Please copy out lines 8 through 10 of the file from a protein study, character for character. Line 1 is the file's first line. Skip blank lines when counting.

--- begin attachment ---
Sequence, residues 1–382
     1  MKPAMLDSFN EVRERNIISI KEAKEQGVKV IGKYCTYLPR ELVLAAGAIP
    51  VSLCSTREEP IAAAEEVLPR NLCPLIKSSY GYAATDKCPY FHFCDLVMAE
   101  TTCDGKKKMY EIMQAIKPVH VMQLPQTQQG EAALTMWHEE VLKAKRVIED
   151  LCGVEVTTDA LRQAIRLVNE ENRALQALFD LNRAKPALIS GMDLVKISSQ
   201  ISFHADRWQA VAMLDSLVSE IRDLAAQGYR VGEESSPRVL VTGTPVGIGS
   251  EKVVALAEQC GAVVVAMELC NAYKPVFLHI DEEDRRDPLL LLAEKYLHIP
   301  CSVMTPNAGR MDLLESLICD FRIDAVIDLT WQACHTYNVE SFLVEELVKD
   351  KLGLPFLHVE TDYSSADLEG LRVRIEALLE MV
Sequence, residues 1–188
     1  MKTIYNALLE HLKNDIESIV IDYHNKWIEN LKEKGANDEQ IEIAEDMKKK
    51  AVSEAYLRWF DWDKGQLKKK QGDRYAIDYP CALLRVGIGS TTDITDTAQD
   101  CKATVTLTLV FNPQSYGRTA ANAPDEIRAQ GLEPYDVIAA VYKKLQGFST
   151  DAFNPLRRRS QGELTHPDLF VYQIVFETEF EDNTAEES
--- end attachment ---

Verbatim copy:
   301  CSVMTPNAGR MDLLESLICD FRIDAVIDLT WQACHTYNVE SFLVEELVKD
   351  KLGLPFLHVE TDYSSADLEG LRVRIEALLE MV
Sequence, residues 1–188